Bricolage Production Company created a brilliant episode in their Midnight Radio series when they opened the audiovisual masterpiece A Christmas Story on December 7th. Based on the cult classic film, that practically runs 24/7 on TNT/TBS during December, the plot was adapted for stage by Philip Grecian and directed by Jeffrey Carpenter, the Bricolage Artistic Director. The show follows Ralphie Parker as he embarks on a multi-phased plan to ensure his receipt of a legendary official Red Ryder carbine-action, 200 shot range model air rifle with a compass and a thing that tells time built right into the stock. Layered with humor and fundamental truths about what it means to be human, the Bricolage storytellers brought A Christmas Story to life right before my very eyes.
Bricolage is nestled downtown in a refurbished building as Pittsburgh-y as they come. Original octagonal tile floors greet you when you enter the cozy lobby and the vaulted ceiling and architectural details were decked out in their holiday best as the space had been transformed into a holiday party with each audience member as a welcome guest. A complimentary “Happy Half-Hour” warmed bellies and spirits as guests interacted with holiday-themed activities (I couldn’t pass up the giant present selfie station!) pulled from threads woven through the show we were all about to enjoy.
The playing space itself is a black box, and upon settling into my comfortable (a wonderful traditional maroon) seat, my eyes feasted upon the organized clutter and chaos that was the stage. Each element had been carefully placed to evoke that 1940’s living room decked out in all its Christmas tree and poinsettia glory while also being a fully-functional Foley studio. Arm chairs and side tables and plush rugs, oh my! Evoking the experience of a live radio show audience, electric signs indicated when the show was “on air” and cued the audience to applause. The idea of a vintage radio show married perfectly with the time period of the show itself, and so the action unfolded seamlessly right from the first chord of the opening jingle.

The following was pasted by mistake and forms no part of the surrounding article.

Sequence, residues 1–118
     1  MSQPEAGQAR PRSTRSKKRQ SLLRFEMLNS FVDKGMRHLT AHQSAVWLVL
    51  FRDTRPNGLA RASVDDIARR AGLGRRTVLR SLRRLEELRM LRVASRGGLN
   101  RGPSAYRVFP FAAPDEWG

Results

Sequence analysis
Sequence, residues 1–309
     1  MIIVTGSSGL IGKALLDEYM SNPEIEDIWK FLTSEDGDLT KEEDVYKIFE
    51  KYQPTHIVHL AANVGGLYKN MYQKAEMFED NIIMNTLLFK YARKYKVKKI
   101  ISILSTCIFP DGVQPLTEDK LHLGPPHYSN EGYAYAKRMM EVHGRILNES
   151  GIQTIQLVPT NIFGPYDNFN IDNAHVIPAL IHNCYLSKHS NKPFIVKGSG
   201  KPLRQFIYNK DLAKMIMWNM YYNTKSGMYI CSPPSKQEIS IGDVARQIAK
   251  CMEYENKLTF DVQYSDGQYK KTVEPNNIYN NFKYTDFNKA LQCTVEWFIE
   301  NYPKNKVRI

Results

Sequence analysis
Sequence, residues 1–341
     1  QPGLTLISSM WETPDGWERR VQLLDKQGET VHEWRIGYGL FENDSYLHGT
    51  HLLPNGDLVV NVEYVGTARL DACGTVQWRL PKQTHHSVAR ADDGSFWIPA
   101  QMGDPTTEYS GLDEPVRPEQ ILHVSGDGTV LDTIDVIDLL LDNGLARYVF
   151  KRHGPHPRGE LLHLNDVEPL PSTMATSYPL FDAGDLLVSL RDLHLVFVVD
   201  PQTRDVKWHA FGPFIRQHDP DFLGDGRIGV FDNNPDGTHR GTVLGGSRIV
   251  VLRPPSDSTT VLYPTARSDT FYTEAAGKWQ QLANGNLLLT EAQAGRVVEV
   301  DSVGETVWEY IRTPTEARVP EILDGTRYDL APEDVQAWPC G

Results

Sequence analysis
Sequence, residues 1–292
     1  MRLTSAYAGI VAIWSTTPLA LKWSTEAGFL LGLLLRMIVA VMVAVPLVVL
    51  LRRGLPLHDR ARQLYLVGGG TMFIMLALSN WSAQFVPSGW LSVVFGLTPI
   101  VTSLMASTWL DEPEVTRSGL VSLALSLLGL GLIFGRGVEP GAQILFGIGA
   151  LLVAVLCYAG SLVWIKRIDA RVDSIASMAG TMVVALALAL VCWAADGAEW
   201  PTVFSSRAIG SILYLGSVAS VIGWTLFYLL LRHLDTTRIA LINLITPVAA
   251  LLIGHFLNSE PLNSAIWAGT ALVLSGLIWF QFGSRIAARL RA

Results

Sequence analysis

Each performer had their own station that was constructed to look like classic speaking podiums, with stylized microphones and Foley materials, but the scenes were anything but static. Performers moved from station to station as the story played out, and the unique set-up of the stage meant that the facial expression and vocal acuity of the performers rightly took the spotlight. Toeing that fine line between over performing and passive performing can be difficult, and the actors did the tango on it. Just a fraction more commitment and a purposefully over the top show would have been hokey, just a hair less acting and the show’s jokes would have fallen flat.
Every character that the performers played was so distinct in intonation and expression that it didn’t matter that there weren’t any costume changes – from the parents to teachers to the school kids they were all fully believable, compelling, and down right hilarious. The level of commitment the performers showed to their craft was extraordinary, and it was not unusual for faces to turn red from the intensity of interacting in a particular scene.
Accompanied by a Music Director who performed each sound cue with laser-like precision and an occasionally bored-looking Cello Fury (the cellists were placed right with the rest of the performers on stage, and every apathetic face or expression was highly visible to the audience. As well as every impatient finger tapping, oh so rapping, on the fingerboard), the musical numbers were a creative and clever delight, oftentimes adapting well-known songs with a tongue in the check twist. But beyond being merely clever, all of the vocal pieces were performed effortlessly even in the face of audience laughter not a few feet from the performers.
Experiencing a live show filled with talented Foley artists added another element that made the audience feel like they were right there in the middle of the action. It was absolutely believable that doors slammed, dogs barked, tongues were ripped off of lamp-posts, and a furnace just wouldn’t behave. The live sound effects added to the novelty of the radio show setting, and simultaneously added an authenticity rarely found in canned sound.
While a central theme of the show was Ralphie’s desire for a material object, the audience got swept along with him as he develops new-found bravery when confronting a bully and begins to build a friendship with his mother that goes past the simple parent-child relationship. Surprisingly poignant for a show so wonderfully comedic, the whole world seemed to slow down as Ralphie learned the importance of family above everything else, and the show was brought to a close.
As a whole, A Christmas Story was replete with all of the classic movie imagery, from the beloved Leg Lamp to the Pink Bunny Pajamas, and was a delight that would be a welcome addition to any theater lovers holiday plans. A Christmas Story runs at the Bricolage from December 6th through 23rd. Tickets are available at http://www.bricolagepgh.org/buy-tickets/ or by calling (412) 471-0999 for groups of ten or more.